Week 152

A few thoughts on the current state of affairs in the debate about the NSA leaks by Ed Snowden and the reluctance and inability of Germany’s government do anything about the revelations.

Yesterday, Germany witnessed the debate between the two candidates to become the next Chancellor of Germany. Mrs. Merkel, the incumbent against Mr. Steinbrück, the candidate from the SPD, Germany’s largest opposition party today.

With that, we also witnessed the perceived state of the NSA / GCHQ / Snowden debate. Germany’s society made it painfully clear that it is not prepared to punish the ruling administration for not preventing the misdeeds that have been committed by foreign – and probably national – intelligence agencies. As Sascha Lobo noted in one of his many columns for Spiegel Online: what else needs to be revealed that would convince anybody that what has been happening should be punishable for all parties involved? All of what have been revealed so far should have been enough to get people in masses to the streets and should have been noticeable in polls for the upcoming in election September 22nd. Instead, we get nothing.

Obviously people have different priorities and I’m the first one to say that being 30 does make me less anxious about topics as the pension while others are more immanently affected by those. I know that and I’m trying to develop a sensitivity to accept that as a viable argument.

Yet, what I find myself thinking more often than not is the fact that financial security seems to trump any democratic principles and values. At this point, the free market mechanics managed to make people believe that capitalism equals democracy. In an economically shaken Europe, Germans seem to be content with the fact that at least in this uncertain times they are not measurably paying with their wallets.

Another, significant, aspect in this topic is its sheer complexity. I’m tremendously grateful to people like Ed Snowden, Glenn Greenwald and Laura Poitras. They are prepared to risk everything to guide us into the world of unimaginable corruption. While they are busy doing that, we need a media that is prepared to guide us to a point when we are not only talking about what has been happening, but also speaking up – clearly and unambiguously – about what needs to be done to stop this. We see little, if anything of this. Maybe that needs to change. Maybe the role of journalists in the 21st century needs to be more clearly articulating what needs to happen instead of document what has happened.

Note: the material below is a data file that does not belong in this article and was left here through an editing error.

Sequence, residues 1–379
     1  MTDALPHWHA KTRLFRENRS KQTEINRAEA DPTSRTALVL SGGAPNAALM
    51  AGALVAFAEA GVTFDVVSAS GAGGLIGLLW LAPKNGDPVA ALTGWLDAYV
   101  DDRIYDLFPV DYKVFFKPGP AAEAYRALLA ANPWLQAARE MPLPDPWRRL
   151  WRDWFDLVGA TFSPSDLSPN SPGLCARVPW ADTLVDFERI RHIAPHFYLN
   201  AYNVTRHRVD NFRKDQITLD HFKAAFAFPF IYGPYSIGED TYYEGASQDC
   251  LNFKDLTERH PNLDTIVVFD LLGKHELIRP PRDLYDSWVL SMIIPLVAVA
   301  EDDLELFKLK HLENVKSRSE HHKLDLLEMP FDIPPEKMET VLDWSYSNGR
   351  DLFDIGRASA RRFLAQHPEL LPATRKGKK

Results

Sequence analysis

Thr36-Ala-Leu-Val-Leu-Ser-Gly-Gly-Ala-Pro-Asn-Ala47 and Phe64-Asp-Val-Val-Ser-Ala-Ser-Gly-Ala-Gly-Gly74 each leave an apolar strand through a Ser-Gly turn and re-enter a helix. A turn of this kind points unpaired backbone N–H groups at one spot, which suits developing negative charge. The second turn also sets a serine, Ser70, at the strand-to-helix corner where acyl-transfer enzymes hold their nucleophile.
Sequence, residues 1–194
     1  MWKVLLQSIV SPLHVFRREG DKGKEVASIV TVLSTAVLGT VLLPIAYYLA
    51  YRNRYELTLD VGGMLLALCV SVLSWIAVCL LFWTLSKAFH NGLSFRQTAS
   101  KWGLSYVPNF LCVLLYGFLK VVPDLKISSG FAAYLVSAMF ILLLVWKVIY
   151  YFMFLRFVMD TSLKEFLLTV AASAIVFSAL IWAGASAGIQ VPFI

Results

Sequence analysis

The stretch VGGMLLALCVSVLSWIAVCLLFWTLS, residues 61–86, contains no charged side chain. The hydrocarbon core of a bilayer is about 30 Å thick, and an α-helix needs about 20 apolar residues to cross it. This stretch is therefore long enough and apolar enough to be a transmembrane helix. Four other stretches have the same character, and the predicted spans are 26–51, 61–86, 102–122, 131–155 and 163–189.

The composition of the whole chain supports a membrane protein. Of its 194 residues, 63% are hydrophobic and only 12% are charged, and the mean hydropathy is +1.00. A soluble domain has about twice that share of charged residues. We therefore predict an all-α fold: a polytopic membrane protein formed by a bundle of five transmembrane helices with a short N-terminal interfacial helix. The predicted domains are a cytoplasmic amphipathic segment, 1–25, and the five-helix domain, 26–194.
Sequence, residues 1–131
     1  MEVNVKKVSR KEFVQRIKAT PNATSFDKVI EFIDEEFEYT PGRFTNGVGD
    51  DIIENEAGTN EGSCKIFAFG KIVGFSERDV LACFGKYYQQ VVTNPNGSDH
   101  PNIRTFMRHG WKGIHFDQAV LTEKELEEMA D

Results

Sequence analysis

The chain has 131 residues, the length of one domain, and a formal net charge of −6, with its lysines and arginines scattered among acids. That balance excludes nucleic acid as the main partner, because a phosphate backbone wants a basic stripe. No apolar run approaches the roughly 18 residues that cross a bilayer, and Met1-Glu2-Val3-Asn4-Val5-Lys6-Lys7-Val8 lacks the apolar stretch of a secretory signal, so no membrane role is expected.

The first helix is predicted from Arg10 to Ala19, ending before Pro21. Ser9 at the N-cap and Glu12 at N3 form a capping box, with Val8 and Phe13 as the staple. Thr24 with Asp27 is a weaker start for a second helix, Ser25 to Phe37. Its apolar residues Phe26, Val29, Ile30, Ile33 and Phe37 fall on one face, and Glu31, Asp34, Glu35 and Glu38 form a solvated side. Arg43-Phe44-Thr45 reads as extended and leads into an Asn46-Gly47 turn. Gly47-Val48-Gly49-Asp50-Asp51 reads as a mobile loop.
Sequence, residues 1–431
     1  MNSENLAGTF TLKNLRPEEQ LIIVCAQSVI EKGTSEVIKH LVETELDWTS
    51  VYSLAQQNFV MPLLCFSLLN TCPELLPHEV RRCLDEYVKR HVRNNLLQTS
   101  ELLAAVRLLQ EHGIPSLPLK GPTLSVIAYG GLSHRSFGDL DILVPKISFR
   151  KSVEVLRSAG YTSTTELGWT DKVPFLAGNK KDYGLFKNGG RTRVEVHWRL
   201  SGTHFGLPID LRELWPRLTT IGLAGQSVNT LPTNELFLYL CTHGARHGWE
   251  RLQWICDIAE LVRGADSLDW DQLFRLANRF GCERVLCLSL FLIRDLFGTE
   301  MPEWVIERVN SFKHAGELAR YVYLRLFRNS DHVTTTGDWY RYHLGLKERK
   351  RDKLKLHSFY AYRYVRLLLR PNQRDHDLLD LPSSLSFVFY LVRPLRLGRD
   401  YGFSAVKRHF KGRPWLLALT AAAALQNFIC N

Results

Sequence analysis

This is not something that should be taken lightly. It all starts with the “I don’t have anything to hide”-argument and some people might even think that in times of global unrest the things the intelligence community is doing might actually be a good thing. I don’t. And not only because I was born in a state that oppressed its citizens and minorities for the sake of the greater good while only few really profited from it. It’s also not because I live in a part of Berlin which only 25 years ago was still under the iron fist of the same regime, one that had no regard for its citizens, privacy or the right for self expression.

“The road to hell is paved with good intentions” said somebody a long, long while ago. While I’m not sure that we are literarly speaking about hell, one does not need to be a historic scholar to see many precedents in history in which excessive disregard for individual rights, privacy by the powerful few did not lead to the greater good. “In a democracy, the people get the government they deserve.”, said Joseph de Maistre. We, as society, might be getting what we deserved. Question is: is it really what we want for the future? If this is the state of things to be what do we want to leave the next generation with?

I’m writing this all while sitting in a train back to Berlin. It’s a monday after a 90 minute long debate between two people who are aspiring to become the most powerful person in the nation. A debate which had 4 moderators and in all of that we heard little more than a few questions on this topic without a clear, articulable message of what will happen. We heard a chancellor who full knowingly tried to reframe the discussion into being about something that it is clearly not and we heard a Mr. Steinbrück who seems to hope that this topic could cost Mrs. Merkel more points on election than it actually will.

On top of it all, there is an elderly women standing across from me in the train. Standing, not because they are no seats, but because she doesn’t dare to sit. She is afraid that she will be killed by CIA agents, she’s rambling about various known and unknown conspiracy theories, she shouts about her experience with the Stasi and how the world is unraveling. While she is clearly ill, she unfortunately doesn’t sound crazy at this point.

It is up to us all to do something. When we can go about our day, discuss new projects, discuss new opportunities, debate the flatness of design on iOS7, we also can debate and act and stand up to the people who fill that they are in charge now.

A good Monday to you all.

Author: Igor

Igor likes to connect the dots. As a strategic consultant in an increasingly complex world, he favours broad knowledge over specialisation. In the last five years, he helped shape strategic decisions at large corporations like Deutsche Postbank AG and Deutsche Telekom AG as well as at startups like Amen and refund.me. In his work he is focusing always on finding the appropriate solutions as well as the people who will be executing upon his advice. Beside the consulting work, Igor speaks at international conferences on variety of topics (SXSW, PICNIC, re:publica, etc.).